Going Au Naturale in Tibet

Good Morning Briar Press! It’s been a while, hasn’t it?

Judging from the amount of mail in my in-box, quite a few folks have been wondering where I’ve been. Some even think I might have quit letterpress and gone on to other projects…. or retired…. or died (heaven forbid!)…. or was angry at someone, and not speaking to them. Well…. you can rest assured that is not the case.

I have been gone, but it was not due to death or anger. I’ve been away on a sabatical / research project / voyage of personal enlightenment to learn first-hand about the techniques used in Japan,Tibet, and Korea to print Holy Scriptures.

My project, which lasted four months, was both eye-opening and inspiring to say the very least. I had the opportunity to print scriptures using printing blocks that were over 800 years old, carve new blocks to replace damaged ones in the library, make paper using mulberry bark, and make ink using mineral pigments. It was the experience of a lifetime… and one that has changed my outlook on printing forever.

While we here in the Western World, get all hung up on machinery and constantly work to get bigger, better, and faster presses… and cheaper, faster ways of making plates ….our counterparts in the remaining traditional Buddhist regions of the world take a far different approach. They refined their printing techiques many centuries ago, and still practice them today for works of high importance using tools that we would consider to be rudimentary, or even primitive.

Yet in spite of their lack of technology, their processes can produce works of amazing quality….. and are far faster than one would imagine. I timed the output of pages at Dege in Tibet, and discovered that a two man team can print print an average of 1 text page every five seconds….. for an entire day. The multi-colored work takes longer, but still not as long as you’d think. All in all, I’d compare their press output as about the same as what one can achieve with a C&P Pilot or a Craftsmen. Sure, their processes do have some limitations… but then again, so does my Pilot.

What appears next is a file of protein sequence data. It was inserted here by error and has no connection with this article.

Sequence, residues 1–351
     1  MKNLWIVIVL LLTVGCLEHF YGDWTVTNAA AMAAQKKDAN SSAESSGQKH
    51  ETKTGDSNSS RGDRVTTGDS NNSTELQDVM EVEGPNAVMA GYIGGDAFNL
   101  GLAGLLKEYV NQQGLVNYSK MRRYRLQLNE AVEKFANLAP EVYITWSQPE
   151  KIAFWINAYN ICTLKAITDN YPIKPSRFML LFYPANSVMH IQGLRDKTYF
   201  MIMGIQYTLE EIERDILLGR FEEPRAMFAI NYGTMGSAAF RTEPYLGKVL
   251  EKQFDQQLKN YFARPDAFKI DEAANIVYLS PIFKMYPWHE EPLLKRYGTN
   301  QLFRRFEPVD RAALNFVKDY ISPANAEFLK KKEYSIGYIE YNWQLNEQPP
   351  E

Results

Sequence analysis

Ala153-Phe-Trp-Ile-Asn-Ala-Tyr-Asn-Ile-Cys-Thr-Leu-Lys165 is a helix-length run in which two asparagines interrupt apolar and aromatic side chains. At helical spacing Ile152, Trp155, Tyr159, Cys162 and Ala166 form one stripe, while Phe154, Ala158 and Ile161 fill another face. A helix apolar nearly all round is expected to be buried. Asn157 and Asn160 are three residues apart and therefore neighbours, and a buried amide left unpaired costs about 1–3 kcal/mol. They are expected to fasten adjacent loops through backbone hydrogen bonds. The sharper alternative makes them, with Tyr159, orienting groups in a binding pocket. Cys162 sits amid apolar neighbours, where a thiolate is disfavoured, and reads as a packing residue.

The most astounding thing I discovered is that one doesn’t have to have years of experience, or go through some long apprenticeship to learn it. It’s actually quite simple. More importantly, it is within the grasp of virtually anyone who wants to learn it.

Over the next few months I’ll be writing a book about what i’ve learned…. and posting pictures and descriptions here at Briar Press, if anyone is interested.

aka Winking Cat Press

Log in to reply   5 replies so far

Sounds very interesting. going natural scared me a little, i thought you were printing naked!!! that i didn’t want to see pictures of.


It sounds like you have had a very good experience and eye-opening one. I recently visited China, but was able to view very little of the traditional crafts, other than exhibits set up by the government for the purpose of selling “stuff” to western visitors.

I envy your experience and will look forward to seeing the book of your findings as well as any further comments you might make on this forum.

John Henry
Cedar Creek Press

Dick G
Is it the winking bit that was scariest ??

John… yes it was a great experience…. but you are right about China, and parts of Tibet. A LOT of the traditional sites / temples / crafts have actually gone away, being replaced by shops sell crapola to tourists.

At one ” Holy Temple” that is renoun for printing with wood blocks, they are selling offset-litho prints of “orignal holy scriptures” for big bucks, while the actual orignal centuries-old blocks are allowed to deteriorate for lack of proper storage or care…. and the monks have been pushed out in favor of unscrupulous Chinese entrepeneurs. I think in future generations the Chinese will be regarded as great destroyers of history for what they are doing in Tibet.

BUT there are some traditional Buddhist printing sites still in existence, if you have the time to seek them out.


Yes! VERY interested in hearing more on this project—book, photos, processes etc! Keep us updated, I don’t want to miss it. Do you already have a publisher?